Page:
Day and time: Wednesday, Nov. 29th, 8:30am- 11:30am
1. Diving Deeper: Exploring the Democracy Collaborative’s Toolkit for Transformation
The Democracy Collaborative staff will lead this interactive pre-conference session designed to take participants on an exploration of the toolkits for transformation. With support from the Robert Wood Johnson Foundation, The Democracy Collaborative created these toolkits to accelerate a new model in healthcare that builds community health into core business practices. The toolkits help health systems integrate community health principles into three distinct business functions: (1) inclusive, local hiring and workforce development, (2) local and diverse sourcing; and (3) leveraging their long-term investment portfolios for community investment.
Session led by: David Zuckerman, Democracy Collaborative
David Zuckerman joined The Democracy Collaborative team in 2012 and serves as Manager for Healthcare Engagement. David leads the coordination of the Healthcare Anchor Network—a health system-led collaboration focused on improving community health and well-being by building inclusive and sustainable local economies. The Network includes more than 25 health systems to date.
David is the co-author of the Hospitals Aligned for Healthy Communities toolkit series. His work focuses on inclusive and equitable economic development strategies that build wealth in low-income communities, with specific attention on how hospitals and health systems can deploy the business side of their institutions to support community health improvement and strengthen their local economies.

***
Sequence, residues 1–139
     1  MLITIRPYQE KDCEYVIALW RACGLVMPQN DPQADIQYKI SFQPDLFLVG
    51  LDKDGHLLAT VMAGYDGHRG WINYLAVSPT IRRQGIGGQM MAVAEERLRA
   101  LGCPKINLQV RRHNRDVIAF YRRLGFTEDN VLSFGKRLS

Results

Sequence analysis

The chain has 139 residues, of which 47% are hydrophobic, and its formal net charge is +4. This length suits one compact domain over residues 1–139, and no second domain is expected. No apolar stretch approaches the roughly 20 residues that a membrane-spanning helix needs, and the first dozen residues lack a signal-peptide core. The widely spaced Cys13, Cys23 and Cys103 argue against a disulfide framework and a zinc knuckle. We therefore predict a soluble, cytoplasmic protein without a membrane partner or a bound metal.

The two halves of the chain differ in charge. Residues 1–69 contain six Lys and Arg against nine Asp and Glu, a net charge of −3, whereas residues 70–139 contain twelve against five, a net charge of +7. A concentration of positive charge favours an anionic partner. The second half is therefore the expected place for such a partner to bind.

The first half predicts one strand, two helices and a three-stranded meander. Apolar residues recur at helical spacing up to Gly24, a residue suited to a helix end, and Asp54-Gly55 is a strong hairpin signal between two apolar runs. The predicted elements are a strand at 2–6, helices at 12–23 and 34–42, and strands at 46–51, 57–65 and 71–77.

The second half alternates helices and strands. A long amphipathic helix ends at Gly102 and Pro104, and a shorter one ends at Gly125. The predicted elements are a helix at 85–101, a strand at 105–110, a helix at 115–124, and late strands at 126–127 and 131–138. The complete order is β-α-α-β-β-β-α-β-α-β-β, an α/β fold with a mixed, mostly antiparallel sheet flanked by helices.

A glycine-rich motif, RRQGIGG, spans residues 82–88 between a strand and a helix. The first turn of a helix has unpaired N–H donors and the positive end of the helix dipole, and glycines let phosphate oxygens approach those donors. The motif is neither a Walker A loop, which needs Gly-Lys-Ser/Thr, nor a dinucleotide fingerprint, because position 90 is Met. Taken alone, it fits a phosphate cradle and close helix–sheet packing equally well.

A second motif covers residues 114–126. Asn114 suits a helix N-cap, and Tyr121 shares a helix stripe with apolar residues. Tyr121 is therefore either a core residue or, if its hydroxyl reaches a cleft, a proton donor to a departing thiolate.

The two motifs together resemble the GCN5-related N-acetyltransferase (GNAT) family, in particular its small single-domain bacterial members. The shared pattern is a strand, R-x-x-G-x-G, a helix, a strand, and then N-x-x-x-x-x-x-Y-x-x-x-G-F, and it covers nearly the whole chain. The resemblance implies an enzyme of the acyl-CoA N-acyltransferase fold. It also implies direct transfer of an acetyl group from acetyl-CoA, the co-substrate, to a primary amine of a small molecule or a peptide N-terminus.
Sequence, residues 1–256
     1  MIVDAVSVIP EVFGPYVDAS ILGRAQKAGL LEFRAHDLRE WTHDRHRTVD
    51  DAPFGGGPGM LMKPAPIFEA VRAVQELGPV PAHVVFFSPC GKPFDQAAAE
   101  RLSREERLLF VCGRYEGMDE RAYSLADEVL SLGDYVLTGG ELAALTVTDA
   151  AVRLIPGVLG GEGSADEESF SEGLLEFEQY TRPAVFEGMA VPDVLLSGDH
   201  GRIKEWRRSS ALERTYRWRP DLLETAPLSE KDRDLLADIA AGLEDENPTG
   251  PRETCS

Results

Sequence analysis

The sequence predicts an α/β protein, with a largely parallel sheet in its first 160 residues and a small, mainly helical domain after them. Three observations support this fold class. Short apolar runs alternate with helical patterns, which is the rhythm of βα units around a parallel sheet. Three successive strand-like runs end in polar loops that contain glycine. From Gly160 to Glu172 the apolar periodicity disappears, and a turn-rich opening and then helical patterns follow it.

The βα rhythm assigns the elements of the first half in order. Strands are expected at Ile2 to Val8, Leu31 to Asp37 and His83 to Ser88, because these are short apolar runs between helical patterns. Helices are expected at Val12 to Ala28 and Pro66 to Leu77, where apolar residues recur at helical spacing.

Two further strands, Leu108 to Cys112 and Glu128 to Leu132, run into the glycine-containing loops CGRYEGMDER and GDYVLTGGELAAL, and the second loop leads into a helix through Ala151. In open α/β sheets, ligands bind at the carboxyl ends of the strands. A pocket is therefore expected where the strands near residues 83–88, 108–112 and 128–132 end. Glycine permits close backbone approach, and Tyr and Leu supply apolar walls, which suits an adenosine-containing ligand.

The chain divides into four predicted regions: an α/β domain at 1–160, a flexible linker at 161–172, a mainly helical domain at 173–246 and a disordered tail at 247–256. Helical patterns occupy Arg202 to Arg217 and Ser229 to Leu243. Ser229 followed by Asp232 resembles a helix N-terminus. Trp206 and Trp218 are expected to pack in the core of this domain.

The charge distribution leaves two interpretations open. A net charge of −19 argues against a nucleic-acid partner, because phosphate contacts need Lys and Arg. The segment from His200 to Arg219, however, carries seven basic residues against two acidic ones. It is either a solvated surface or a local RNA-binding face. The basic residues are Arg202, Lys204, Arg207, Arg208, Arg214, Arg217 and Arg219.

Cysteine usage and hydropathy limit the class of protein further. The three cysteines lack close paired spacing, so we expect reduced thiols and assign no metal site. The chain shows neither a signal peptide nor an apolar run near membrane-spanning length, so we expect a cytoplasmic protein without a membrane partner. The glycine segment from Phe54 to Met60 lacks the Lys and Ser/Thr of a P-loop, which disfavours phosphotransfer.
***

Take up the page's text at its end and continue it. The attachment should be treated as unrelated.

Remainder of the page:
David is also the author of Hospitals Building Healthier Communities: Embracing the Anchor Mission and a contributor to Can Hospitals Heal America’s Communities. He is the lead author of a National Academy of Medicine discussion paper, Building a Culture of Health at the Federal Level. He serves on the Board of Trustees for the Consumer
2. Evidence at Your Fingertips: Tools and Tips to Harness Evidence-Based Interventions
This pre-conference session will focus on tools and initiatives that provide evidence-based interventions that can improve population health, such as the County Health Rankings & Roadmap’s What Works for Health and the Centers for Disease Control and Prevention’s HI-5 and 6/18 initiatives. Participants will be introduced to essential features of each resource along with lessons learned and examples of community organizations that have used these resources. There will be ample time to explore each resource and discuss which interventions might be suitable for your local priorities; be sure to bring a laptop or tablet.
Session led by:
Alison Bergum, MPA, is an Associate Researcher at the UW Population Health Institute and Team Director for What Works for Health, a searchable online database that provides communities with promising strategies to respond effectively to local health priorities. Alison played a lead role in development of this research and translation effort, initially funded by the Wisconsin Partnership Program, and in 2012, guided its expansion as part of the County Health Rankings & Roadmaps program with support from the Robert Wood Johnson Foundation. Alison continues to lead these efforts, with a focus on understanding and enriching user experience and enhancing methodology.